I am a third-year graduate student in Astrophysics at Caltech, working with Prof. Phil Hopkins on understanding magnetic fields in galaxies through the use of high-resolution, cosmological simulations of galaxy formation. I’m particularly interested in working closely with observations to constrain theoretical predictions, as well as leveraging theory to make predictions for future observations. My interest in magnetic fields and galaxies is broad; ranging from questions of how magnetic fields can influence cool gas accretion from the halos of galaxies to understanding amplification mechanisms of the magnetic fields over cosmological time.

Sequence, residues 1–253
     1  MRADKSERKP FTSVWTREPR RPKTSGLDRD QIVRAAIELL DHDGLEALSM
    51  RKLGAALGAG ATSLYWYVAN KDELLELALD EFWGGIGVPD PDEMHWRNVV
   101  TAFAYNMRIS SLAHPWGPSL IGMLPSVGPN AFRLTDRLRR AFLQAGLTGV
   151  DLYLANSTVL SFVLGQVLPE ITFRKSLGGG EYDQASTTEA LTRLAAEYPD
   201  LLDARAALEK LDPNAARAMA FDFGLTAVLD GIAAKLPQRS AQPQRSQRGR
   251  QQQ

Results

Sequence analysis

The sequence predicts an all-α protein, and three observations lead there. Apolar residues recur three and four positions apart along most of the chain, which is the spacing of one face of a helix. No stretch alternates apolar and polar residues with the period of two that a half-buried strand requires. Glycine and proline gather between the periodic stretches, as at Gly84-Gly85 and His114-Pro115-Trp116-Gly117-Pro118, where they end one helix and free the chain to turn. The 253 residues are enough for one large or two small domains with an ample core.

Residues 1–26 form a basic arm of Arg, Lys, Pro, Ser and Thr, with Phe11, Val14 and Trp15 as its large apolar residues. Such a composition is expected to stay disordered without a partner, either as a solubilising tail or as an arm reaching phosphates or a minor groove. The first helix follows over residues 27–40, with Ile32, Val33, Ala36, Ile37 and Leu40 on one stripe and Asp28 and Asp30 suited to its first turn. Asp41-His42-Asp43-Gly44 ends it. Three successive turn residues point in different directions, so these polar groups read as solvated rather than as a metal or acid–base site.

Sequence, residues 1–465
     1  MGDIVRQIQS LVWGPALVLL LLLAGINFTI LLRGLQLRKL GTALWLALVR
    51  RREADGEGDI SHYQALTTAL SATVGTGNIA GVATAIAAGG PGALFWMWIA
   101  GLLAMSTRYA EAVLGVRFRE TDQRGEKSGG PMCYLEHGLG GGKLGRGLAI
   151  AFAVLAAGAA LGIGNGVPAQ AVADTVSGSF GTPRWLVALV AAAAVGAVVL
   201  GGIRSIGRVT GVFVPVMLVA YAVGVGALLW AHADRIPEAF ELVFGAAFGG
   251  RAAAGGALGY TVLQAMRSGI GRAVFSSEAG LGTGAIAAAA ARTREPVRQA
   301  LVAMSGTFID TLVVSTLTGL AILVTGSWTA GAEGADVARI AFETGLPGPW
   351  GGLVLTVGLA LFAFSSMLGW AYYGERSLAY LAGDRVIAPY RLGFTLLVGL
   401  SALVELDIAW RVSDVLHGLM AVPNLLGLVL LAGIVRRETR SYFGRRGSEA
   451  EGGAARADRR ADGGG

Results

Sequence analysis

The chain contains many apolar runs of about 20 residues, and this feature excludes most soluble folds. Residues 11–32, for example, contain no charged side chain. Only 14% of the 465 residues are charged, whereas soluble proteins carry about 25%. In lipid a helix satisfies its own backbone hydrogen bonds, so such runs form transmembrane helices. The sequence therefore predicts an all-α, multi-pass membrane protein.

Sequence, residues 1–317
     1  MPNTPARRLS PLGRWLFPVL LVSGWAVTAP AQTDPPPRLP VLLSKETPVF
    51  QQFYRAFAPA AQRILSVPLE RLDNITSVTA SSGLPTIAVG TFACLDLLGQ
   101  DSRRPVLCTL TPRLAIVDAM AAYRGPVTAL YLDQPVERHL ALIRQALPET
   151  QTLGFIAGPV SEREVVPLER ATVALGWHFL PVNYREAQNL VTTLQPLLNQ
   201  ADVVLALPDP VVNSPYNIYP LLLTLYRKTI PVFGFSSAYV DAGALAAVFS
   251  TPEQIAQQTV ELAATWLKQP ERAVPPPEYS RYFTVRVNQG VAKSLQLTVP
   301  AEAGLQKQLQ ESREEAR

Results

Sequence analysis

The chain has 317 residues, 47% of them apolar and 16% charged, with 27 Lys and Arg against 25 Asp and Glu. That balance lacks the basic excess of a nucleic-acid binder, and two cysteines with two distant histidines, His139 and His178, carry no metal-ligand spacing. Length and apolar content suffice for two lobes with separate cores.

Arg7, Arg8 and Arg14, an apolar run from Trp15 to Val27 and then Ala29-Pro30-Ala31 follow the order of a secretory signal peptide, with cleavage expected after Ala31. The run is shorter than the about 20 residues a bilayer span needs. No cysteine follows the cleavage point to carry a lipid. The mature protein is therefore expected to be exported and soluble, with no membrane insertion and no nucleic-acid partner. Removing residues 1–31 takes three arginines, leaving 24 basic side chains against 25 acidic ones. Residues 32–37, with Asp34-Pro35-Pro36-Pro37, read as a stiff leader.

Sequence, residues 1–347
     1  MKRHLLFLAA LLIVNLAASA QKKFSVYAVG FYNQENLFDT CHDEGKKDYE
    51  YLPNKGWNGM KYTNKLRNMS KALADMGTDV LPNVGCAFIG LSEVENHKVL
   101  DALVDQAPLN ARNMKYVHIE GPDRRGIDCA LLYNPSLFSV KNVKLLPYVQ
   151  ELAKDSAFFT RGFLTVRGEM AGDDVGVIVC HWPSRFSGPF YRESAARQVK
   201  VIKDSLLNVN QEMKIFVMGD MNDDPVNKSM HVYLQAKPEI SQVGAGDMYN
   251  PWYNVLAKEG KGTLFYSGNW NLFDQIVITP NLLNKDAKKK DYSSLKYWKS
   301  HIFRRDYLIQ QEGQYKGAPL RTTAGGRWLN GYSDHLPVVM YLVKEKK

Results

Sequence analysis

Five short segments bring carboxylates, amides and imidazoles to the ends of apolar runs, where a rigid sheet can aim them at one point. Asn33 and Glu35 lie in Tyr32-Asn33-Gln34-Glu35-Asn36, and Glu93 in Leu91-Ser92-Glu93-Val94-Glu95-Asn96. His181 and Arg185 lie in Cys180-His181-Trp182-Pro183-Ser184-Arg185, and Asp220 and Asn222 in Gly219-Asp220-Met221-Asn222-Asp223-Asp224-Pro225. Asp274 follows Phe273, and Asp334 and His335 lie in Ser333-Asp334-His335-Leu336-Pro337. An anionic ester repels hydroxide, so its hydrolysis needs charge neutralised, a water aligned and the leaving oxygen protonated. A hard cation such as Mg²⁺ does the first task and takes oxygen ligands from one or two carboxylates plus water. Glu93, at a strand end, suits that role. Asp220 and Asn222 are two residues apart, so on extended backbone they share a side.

I grew up in the city of Montego Bay, Jamaica, before moving to the United States, where I lived in the states of New York and Iowa. I did my undergraduate degrees in Physics, Astronomy, and Mathematics at the University of Iowa, where I worked with Prof. Phil Kaaret and Prof. Hai Fu on studying metallicity effects on high-mass X-ray binary populations, and understanding cool gas accretion in a high redshift galaxy. During my undergraduate studies, I had the wonderful opportunity to spend a semester and a summer in Scotland, where I attended the University of Edinburgh. While there, I worked with Prof. Sadegh Khochfar, Prof. Jose Onorbe, and Prof. Britton Smith on studying Local Group analogs in large volume cosmological simulations.